Books that help kids' mental development

View all Recommendations by Subjects > Character development book lists; This list was last updated on 1/13/2014
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The Invisible Boy

Meet Brian, the invisible boy. Nobody ever seems to notice him or think to include him in their group, game, or birthday party . . . until, that is, a new kid comes to class.

When Justin, the new boy, arrives, Brian is the first to make him feel welcome. And when Brian and Justin team up to work on a class project together, Brian finds a way to shine.

From esteemed author and speaker Trudy Ludwig and acclaimed illustrator Patrice Barton, this gentle story shows how small acts of kindness can help children feel included and allow them to flourish. Any parent, teacher, or counselor looking for material that sensitively addresses the needs of quieter children will find The Invisible Boy a valuable and important resource. 

Includes backmatter with discussion questions and resources for further reading. 

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Jonathan James and the Whatif Monster
Whenever Jonathan James finds himself in a new situation, he hears his Whatif Monster asking all kind of questions to stop him trying something new: What if it's scary? What if they laugh? What if it's hard?  Finally, Jonathan James has some questions of his own: What if they don't? What if it isn't? What then?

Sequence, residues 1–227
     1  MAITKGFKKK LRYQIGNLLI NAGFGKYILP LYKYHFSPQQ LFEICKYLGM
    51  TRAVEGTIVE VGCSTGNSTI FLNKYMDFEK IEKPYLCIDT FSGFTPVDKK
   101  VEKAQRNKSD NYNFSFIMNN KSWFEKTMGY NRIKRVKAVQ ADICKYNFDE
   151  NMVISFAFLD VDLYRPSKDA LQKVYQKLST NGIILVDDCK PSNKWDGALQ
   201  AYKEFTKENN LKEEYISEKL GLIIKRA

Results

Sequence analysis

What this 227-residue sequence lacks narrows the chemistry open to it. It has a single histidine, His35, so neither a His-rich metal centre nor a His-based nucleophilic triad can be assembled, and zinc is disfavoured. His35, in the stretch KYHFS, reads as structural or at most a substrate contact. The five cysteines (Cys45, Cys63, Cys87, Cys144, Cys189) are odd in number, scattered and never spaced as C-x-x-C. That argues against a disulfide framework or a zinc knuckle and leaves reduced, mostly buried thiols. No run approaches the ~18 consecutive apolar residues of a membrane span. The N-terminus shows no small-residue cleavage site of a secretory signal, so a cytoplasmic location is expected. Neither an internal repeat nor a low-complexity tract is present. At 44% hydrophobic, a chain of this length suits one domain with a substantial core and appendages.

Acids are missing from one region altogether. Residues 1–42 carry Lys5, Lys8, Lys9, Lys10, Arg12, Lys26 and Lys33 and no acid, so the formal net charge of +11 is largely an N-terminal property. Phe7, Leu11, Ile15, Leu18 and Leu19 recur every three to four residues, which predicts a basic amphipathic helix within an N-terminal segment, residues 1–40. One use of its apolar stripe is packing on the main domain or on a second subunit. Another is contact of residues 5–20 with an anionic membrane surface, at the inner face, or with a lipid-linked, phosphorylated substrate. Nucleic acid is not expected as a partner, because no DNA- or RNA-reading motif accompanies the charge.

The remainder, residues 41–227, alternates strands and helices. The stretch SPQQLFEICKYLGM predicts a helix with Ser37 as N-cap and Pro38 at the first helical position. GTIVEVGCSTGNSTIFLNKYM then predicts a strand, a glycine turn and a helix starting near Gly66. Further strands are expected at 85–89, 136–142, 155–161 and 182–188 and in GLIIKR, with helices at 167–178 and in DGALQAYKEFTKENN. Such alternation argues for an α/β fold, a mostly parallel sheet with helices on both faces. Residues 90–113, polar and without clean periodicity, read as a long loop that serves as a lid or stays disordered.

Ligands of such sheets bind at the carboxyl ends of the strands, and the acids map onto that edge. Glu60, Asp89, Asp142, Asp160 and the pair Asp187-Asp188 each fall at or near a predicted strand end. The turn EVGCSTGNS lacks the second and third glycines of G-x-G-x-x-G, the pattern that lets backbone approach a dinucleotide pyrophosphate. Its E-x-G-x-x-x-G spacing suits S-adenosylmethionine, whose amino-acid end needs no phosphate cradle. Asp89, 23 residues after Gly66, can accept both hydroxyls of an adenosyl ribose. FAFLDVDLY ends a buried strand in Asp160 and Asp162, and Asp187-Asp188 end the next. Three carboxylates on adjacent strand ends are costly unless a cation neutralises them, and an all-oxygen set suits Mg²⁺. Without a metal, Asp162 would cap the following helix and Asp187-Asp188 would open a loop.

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Feel Confident!
Empower children to recognize their individual worth and develop confidence in themselves, their abilities, and the choices they make. Children learn that they can speak up, expect and show respect, try new things, and believe in themselves. Confidence-building skills of accepting yourself, asking for what you need, making decisions, solving problems, and communicating are also discussed. Young children will respond to the true-to-life situations and colorful illustrations.

Being the Best Me Series:
From the author of the popular Learning to Get Along® books comes a one-of-a-kind character-development series. Each of the first six books in the Being the Best Me! series helps children learn, understand, and develop attitudes and positive character traits that strengthen self-confidence and a sense of purpose. Each book focuses on a specific attitude or character trait—optimism, self-esteem, assertiveness, resilience, integrity, and forgiveness. Also included are discussion questions, games, activities, and additional information for adults. Filled with diversity, these social story books will be welcome in school, home, and childcare settings.


 
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Willow Finds a Way